This Just In: Upgrades and Downgrades

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At The Motley Fool, we poke plenty of fun at Wall Street analysts and their endless cycle of upgrades, downgrades, and "initiating coverage at neutral." While the pinstripe-and-wingtip crowd is entitled to its opinions, we've got some pretty sharp stock pickers down here on Main Street, too. (And we're not always impressed with how Wall Street does its job.)

Given that, perhaps we shouldn't be giving virtual ink to "news" of analyst upgrades and downgrades. And we wouldn't -- if that were all we were doing. Fortunately, in "This Just In," we don't simply tell you what the analysts said. We also show you whether they know what they're talking about. To help, we've enlisted Motley Fool CAPS, our tool for rating stocks and analysts alike. With CAPS, we track the long-term performance of Wall Street's best and brightest -- and its worst and sorriest, too.

No longer a sell
At long last, Nomura Securities has upgraded Boeing (NYS: BA) from the dreaded sell rating. Nomura points to the stock's 9 percentage point underperformance of the S&P 500 over the past three months as proof of its previous wisdom in recommending investors reduce their exposure to the stock. But according to the analyst, Boeing's fall is now at an end. It's time for the stock to straighten up and fly right: "sales prospects of the new re-engined 737 and the start of 787 deliveries could see the company re-establish some momentum."

Indeed, just last week Boeing confirmed receipt of Federal Aviation Administration certification for its 787, and plans to make its first delivery of the bird to All Nippon Airwayson Sept. 26. Reports say that Boeing has half-finished 787s stacked to the rafters these days, and has only been waiting for its cert-papers to begin deliveries to a line of customers stretching from AMR (NYS: AMR) to Delta (NYS: DAL) to United Continental (NYS: UAL) .

Moreover, this morning Boeing issued a press release trumpeting the popularity of its smaller plane as well. Equipped with new LEAP-1B engines designed by a General Electric (NYS: GE) joint venture, Boeing says the new re-engined 737 will have "a 7 percent advantage over the competition." (A pointed jab at both Airbus, and the company that makes many of the engines for its A320neo, United Technologies (NYS: UTX) .) According to Boeing, the plane is already attracting strong support from five airlines that have made order commitments for 496 airplanes.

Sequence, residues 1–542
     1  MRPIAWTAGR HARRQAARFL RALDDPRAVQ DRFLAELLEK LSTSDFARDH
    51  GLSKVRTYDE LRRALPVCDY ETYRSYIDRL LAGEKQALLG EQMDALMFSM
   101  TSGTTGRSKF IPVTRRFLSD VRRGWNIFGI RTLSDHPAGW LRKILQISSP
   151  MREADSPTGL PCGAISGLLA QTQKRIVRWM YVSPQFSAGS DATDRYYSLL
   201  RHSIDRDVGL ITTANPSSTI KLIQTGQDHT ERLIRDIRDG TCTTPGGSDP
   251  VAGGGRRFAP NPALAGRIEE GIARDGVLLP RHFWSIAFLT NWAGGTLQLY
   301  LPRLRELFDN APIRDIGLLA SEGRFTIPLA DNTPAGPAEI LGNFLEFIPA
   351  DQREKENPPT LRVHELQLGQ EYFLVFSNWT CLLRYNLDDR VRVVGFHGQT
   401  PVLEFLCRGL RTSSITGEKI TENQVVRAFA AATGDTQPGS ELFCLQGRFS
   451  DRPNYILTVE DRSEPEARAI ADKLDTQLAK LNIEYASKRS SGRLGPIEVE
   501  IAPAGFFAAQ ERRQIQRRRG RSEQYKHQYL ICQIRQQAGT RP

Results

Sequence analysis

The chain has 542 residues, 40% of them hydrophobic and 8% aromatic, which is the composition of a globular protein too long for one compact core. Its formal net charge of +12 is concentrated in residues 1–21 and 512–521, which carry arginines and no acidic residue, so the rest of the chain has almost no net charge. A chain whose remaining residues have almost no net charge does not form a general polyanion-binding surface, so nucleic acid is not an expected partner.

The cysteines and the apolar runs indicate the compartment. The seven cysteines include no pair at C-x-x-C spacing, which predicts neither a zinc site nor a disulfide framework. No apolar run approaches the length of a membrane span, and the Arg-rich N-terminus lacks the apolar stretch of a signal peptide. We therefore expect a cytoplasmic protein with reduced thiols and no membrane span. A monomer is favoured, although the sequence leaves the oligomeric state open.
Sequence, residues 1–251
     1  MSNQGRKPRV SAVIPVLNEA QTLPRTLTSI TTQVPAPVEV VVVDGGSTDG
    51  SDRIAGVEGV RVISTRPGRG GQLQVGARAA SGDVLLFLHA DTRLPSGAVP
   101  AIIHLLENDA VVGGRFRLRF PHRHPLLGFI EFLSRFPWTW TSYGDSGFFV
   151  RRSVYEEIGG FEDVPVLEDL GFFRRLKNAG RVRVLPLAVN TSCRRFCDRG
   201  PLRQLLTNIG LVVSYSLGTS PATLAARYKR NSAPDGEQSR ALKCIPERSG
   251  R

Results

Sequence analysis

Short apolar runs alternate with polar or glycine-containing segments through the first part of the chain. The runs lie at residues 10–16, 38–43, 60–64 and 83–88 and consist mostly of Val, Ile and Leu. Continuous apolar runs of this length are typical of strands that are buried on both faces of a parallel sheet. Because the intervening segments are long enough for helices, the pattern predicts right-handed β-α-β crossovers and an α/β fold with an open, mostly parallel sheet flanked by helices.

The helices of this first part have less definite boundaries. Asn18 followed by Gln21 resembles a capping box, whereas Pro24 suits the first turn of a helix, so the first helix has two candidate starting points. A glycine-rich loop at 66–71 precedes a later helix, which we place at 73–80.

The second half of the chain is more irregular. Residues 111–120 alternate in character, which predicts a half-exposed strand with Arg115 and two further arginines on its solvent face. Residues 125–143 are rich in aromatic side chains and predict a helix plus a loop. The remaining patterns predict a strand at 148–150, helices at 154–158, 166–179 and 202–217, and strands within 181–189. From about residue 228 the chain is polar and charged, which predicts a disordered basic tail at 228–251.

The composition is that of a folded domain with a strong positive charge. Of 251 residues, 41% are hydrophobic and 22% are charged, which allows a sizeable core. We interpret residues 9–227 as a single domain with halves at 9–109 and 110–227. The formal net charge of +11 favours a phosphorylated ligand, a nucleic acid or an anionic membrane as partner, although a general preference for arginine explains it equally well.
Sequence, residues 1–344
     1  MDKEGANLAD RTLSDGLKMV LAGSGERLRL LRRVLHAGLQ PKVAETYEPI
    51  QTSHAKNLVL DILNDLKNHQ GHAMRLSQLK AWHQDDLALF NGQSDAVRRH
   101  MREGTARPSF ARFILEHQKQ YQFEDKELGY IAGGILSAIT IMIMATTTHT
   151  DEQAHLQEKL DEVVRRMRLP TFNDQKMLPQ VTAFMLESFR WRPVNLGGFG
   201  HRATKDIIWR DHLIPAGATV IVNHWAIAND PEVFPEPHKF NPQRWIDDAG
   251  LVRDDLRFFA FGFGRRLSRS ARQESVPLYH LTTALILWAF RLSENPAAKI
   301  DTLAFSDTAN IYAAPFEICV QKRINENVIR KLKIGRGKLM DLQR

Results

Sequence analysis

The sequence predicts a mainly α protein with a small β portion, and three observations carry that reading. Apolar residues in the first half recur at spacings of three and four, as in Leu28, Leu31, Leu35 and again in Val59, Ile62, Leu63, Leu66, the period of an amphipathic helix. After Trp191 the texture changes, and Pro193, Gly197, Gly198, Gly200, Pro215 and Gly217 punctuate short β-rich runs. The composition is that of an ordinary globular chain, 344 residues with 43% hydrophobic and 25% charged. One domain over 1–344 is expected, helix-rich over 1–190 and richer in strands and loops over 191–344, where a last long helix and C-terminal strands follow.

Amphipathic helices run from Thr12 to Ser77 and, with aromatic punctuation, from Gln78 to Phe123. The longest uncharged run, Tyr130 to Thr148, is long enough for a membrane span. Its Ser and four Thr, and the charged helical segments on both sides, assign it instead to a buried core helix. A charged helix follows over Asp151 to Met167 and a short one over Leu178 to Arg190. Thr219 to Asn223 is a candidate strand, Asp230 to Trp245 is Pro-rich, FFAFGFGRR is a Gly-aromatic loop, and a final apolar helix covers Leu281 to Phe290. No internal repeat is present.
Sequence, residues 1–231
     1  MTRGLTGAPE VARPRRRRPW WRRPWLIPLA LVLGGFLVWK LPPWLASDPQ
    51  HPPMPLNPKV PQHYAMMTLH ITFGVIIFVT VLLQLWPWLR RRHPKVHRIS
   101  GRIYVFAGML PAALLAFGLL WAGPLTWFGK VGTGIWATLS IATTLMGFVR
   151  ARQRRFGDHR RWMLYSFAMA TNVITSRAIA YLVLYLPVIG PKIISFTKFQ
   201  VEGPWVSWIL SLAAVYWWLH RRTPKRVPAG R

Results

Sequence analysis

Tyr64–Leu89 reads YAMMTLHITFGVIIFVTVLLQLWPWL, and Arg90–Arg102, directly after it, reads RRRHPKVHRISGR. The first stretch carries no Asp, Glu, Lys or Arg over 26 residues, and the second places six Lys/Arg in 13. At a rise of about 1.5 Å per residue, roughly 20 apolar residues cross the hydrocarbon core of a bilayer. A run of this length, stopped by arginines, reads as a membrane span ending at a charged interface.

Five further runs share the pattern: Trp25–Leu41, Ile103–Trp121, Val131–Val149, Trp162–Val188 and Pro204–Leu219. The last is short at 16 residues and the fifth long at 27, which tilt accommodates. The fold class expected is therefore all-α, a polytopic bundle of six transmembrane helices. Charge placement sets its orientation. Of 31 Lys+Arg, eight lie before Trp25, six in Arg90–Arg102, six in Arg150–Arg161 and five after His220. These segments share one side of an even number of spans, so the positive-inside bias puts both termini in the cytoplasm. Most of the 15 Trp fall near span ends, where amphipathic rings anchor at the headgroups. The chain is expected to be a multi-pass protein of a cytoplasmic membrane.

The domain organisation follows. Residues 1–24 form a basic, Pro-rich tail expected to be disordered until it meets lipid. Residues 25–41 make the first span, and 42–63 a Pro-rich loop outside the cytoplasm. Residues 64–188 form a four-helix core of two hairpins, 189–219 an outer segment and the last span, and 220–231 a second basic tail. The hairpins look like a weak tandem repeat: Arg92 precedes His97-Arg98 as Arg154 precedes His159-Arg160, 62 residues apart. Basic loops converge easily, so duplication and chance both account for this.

But do these news items alone suffice to justify buying Boeing?

Boeing: "Buy! Buy! Buy!" or just "Bye-Bye"?
After all, as I pointed out earlier this week, even Boeing admits that it's going to take "several hundred deliveries" before the company even begins to break even on its 787 program. Boeing has 827 orders in hand, of course, and more on the way -- but still, it's going to be awhile before this particular program starts paying off for investors.

By the same token, Boeing's boast of "496 order commitments" on the re-engined 737 may not be quite as good news as it sounds. These aren't necessarily 496 new orders after all, but just "commitments." (And the sad truth is that sometimes promises are made to be broken.) Switching emphasis, even if the orders are good, we're not even talking about 496 new orders here. While Boeing stated that it has five airlines lined up to buy the new plane, Bloomberg pointed out this morning that some 100 of the order commitments Boeing is so proud of come from one customer, AMR -- and that having already been announced, they're already included in Boeing's plane order count. In short, this is not new business, or even new news.

Foolish takeaway
Now, all this is not to say that Nomura is wrong to upgrade Boeing. As a matter of fact, I agree with the analyst that at 14 times earnings, with 12% five-year annualized earnings growth projected for it, and paying a 2.7% dividend yield, Boeing shares look enticing. But I still have concerns about how Boeing's free cash flow numbers continue to lag reported earnings -- the same earnings that create that low "14 P/E" I just mentioned.

Part of this problem, I suspect (and hope) stems from Boeing spending cash to build 787s that it's until now not delivered, and get paid for. Within a quarter or two, we should have a better picture of how much actual free cash flow Boeing is earning from its new 787 franchise. Until then, I'm with Nomura -- sitting on the sidelines, and looking for proof that the runway's clear for takeoff.

At the time this article was published Fool contributorRich Smithdoes not own (or short) any company named above.You can find him on CAPS, publicly pontificating under the handleTMFDitty, where he's currently ranked No. 429 out of more than 180,000 members. The Motley Fool has adisclosure policy.We Fools may not all hold the same opinions, but we all believe thatconsidering a diverse range of insightsmakes us better investors.

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